Here is my thing on that and this is just my opinion as a safety professional for nearly three decades. Since CBD does not negatively affect ones cognitive or physical performance when it comes to doing a task or job, one cannot use the argument of being “under the influence”. I discussed in my last article the positive benefits of CBD and employee performance when CBD is allowed to be used. Can an employer with sincerity and integrity be able to give a compelling argument to not allow employees to use CBD? I can not think of any other than that one nasty word that companies fear the most… liability. Let’s brainstorm on some commonsense options that can be written into policy that could reduce liability to a minimum, yet support the workforce to show a genuine interest in their health and overall wellbeing.

First, whether you are for or against CBD use, an employer needs to have at a minimum a clear and concise policy stating such. Not having one, opens the door to all kinds of issues and confusion when an employee is considering the use of CBD. What if an employer does want to allow CBD use? Depending on the size of the company and number of employees, a policy could be put in place that addresses the issue on a case by case basis. There are several situations health wise where CBD use makes sense and could benefit both parties. Again, there is no “one size fits all” solution and simply consider doing what makes the most sense for the company at that point and time.

If a company is large and wants to put a general policy in place to allow use and dependent on the state, an employer could possibly include a “prescription” or doctor letter clause that would allow CBD use while under the supervision/direction of a doctor or medical professional. That way if one tests positive for something, then all parties are covered. Noticed I said test positive and not under the influence. This clause is common for people that must take certain medications that are classified as narcotics or other drugs that are not normally allowed when drug testing is done within a company. It essentially allows an employee to take such medications when off duty/work or in some cases while at work if needed such as Adderall or Zoloft.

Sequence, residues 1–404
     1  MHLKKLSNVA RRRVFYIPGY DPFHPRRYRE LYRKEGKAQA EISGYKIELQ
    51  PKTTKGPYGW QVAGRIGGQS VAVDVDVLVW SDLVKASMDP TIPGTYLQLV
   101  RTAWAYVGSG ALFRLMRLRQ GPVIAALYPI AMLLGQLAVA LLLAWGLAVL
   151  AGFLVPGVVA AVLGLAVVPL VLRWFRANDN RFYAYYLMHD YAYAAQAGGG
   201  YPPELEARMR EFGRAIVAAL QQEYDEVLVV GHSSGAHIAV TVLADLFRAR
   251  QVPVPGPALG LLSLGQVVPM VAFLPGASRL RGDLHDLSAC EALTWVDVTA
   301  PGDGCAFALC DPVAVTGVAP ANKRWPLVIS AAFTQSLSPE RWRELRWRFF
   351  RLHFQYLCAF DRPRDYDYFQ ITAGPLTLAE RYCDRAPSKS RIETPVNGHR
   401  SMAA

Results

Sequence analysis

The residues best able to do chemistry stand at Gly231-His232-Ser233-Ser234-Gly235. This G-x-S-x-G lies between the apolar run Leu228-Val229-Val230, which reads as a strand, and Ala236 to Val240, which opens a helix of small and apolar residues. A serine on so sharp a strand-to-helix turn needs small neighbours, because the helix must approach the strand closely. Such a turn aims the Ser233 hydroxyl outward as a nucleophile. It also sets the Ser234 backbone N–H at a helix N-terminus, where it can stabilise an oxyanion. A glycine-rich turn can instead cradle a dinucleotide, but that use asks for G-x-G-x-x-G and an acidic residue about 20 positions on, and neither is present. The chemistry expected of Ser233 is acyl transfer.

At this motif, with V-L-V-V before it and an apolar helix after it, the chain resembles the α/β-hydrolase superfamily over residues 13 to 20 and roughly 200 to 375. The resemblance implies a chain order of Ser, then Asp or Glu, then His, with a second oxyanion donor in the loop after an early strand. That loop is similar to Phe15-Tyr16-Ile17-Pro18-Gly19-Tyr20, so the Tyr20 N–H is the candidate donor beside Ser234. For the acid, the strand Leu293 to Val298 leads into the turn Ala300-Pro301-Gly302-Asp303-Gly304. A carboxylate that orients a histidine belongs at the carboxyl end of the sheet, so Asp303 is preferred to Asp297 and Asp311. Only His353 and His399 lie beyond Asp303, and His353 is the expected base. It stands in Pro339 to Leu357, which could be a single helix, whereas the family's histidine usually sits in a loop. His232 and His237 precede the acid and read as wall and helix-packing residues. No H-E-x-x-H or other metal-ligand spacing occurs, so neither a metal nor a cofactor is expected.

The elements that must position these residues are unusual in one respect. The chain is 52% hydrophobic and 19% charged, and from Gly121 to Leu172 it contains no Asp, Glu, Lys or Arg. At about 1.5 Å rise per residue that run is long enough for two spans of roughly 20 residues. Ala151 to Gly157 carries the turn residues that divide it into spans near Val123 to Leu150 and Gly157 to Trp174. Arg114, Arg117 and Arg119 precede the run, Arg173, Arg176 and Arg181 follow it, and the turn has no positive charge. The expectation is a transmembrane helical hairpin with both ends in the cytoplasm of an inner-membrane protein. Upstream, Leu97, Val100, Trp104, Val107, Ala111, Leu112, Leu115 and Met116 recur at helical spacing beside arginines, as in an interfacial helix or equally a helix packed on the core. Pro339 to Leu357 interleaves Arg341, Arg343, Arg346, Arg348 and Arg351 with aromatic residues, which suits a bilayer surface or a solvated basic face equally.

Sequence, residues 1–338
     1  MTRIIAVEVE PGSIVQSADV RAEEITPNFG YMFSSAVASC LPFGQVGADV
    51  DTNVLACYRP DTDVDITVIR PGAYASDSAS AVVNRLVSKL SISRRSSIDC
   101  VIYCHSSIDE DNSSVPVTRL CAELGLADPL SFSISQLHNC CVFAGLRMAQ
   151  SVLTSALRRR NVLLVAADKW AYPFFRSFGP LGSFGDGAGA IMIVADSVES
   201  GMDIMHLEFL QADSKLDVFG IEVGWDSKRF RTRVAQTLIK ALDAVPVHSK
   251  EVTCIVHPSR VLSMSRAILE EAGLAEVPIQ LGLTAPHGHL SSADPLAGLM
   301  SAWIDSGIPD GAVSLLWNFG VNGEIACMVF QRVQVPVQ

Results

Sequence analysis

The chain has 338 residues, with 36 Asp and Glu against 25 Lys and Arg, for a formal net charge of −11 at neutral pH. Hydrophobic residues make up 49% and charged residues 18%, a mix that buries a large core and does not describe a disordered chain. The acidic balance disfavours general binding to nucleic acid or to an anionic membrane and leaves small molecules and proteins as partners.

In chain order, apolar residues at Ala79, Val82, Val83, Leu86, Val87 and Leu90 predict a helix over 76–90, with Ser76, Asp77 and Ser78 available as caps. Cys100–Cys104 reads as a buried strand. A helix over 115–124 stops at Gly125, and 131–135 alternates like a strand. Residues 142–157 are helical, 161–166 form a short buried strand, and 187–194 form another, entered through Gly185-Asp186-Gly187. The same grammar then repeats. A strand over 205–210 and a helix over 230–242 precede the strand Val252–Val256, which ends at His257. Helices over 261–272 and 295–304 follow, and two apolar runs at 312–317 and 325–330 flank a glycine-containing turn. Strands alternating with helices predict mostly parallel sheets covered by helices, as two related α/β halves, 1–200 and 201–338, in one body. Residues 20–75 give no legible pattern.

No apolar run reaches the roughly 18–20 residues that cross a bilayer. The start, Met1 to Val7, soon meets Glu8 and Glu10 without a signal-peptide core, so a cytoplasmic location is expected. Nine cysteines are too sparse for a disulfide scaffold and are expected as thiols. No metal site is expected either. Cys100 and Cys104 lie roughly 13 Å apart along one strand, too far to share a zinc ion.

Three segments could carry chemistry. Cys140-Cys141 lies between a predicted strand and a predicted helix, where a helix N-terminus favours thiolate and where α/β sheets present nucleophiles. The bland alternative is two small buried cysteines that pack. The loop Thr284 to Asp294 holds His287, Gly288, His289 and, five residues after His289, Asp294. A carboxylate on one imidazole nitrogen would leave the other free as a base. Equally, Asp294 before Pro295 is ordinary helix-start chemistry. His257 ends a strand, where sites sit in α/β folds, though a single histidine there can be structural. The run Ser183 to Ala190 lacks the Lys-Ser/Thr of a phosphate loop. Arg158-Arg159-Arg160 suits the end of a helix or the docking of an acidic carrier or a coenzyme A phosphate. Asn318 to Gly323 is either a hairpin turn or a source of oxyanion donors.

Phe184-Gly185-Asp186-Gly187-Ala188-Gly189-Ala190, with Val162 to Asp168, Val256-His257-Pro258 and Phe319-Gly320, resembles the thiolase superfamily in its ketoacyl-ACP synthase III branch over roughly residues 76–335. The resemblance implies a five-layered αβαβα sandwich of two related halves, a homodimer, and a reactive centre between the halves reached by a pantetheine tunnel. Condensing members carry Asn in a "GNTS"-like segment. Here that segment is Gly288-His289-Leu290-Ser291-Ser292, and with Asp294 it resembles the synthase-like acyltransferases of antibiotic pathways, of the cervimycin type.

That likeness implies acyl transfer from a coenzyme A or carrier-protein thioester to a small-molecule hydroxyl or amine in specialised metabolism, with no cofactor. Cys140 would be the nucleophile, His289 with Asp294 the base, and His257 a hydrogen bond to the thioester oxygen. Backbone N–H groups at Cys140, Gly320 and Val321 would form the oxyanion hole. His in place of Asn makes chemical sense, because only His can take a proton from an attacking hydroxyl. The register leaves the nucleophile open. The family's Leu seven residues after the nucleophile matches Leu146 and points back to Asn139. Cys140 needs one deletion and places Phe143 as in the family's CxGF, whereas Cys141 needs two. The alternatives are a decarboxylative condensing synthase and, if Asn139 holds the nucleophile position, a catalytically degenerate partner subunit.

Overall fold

What if a company is in support of CBD use, but is adamant that their employees not test positive for THC? Creating a list of approved CBD retailers and manufacturers could be a viable solution. Yes, it does require a little work and research, but if a company is willing to invest a little time into vetting legitimate and reputable CBD manufacturers, then it benefits their employees with valid and reputable CBD products which would eliminate any potential of said employee testing positive for THC. If an employer was to use the four benchmarks to find reputable CBD vendors as discussed earlier, then a company can create a list of options for their employees that are 100% THC free for them to choose from, so they do NOT test positive for THC.

These are just a couple of ideas that are currently being used now with success. With the rise and legalization of CBD we are experiencing a revolution of sorts that requires educating and adapting to new trends. Over the next few years there will even more potential issues for states depending on if marijuana is decriminalized or legalized at the federal level. We are already seeing states where marijuana is legal having to make important changes to hiring and drug testing practices due to the laws. Since CBD is now legal, you might as well address the issue sooner rather than later and having sound policies in place will save a lot of potential grief not only to the employer, but the employees as well. Whether you are against or for CBD, it is here to stay.